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A General History and Collection of Voyages and Travels — Volume 13
written by "Kerr, Robert, 1755-1813"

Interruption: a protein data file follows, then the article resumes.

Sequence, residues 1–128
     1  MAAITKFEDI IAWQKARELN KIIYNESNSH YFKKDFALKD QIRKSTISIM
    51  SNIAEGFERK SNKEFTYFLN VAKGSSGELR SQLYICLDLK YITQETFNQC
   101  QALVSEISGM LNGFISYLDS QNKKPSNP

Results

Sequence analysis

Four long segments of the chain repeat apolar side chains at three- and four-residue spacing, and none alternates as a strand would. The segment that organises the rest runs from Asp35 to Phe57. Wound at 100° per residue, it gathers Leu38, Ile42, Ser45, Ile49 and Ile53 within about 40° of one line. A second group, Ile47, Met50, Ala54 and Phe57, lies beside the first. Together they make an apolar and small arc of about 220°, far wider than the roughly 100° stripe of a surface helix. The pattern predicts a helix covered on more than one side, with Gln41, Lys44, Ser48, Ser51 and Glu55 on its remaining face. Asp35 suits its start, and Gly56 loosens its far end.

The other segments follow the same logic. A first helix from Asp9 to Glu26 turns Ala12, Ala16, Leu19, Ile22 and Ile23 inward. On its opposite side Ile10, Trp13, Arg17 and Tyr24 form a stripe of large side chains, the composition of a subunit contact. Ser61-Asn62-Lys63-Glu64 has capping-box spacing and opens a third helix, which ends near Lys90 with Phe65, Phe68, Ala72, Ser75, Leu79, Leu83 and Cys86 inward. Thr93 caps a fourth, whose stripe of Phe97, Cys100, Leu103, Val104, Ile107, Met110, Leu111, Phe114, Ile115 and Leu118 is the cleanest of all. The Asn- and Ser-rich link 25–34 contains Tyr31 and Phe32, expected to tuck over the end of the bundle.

...the deck at the time, and told them, that in my opinion it was no more than a cloud, and that as the sun rose it would dissipate and vanish. However, as I was determined to leave no subject for disputation which experiment could remove, I ordered the ship to be wore, and steered E.S.E. by compass, in the direction which the land was said to bear from us at that time. At noon, we were in latitude 44 7' S.; the south point of Banks's Island bearing north, distant five leagues. By seven o'clock at night we had run eight-and-twenty miles, when seeing no land, nor any signs of any, but that which we had left, we bore away S. by W. and continued upon that course till the next day at noon, when we were in latitude 45 16', the south point of Banks's Island bearing N. 6 30' W. distant twenty-eight leagues. The variation by the azimuth this morning was 15 30' E. As no signs of land had yet appeared to the southward, and as I thought that we had stood far enough in that direction to weather all the land we had left, judging from the report of the natives in Queen Charlotte's Sound, I hauled to the westward. We had a moderate breeze at N.N.W.N. till eight in the evening, when it became unsettled; and at ten fixed at south: During the night, it blew with such violence that it brought us under our close reefed topsails. At eight the next morning, having run twenty-eight leagues upon a W. by N. 1/2 N. course, and judging ourselves to be to the westward of the land of Tovy Poenammoo, we bore away N.W. with a fresh gale at south. At ten, having run eleven miles upon this course, we saw land extending from the S.W. to the N.W. at the distance of about ten leagues, which we hauled up for. At noon, our latitude by observation was 44 38', the south-east point of Banks's Island bore N. 58 30' E. distant thirty leagues, and the main body of the land in sight W. by N. A head sea prevented us from making much way to the southward; at seven in the evening...

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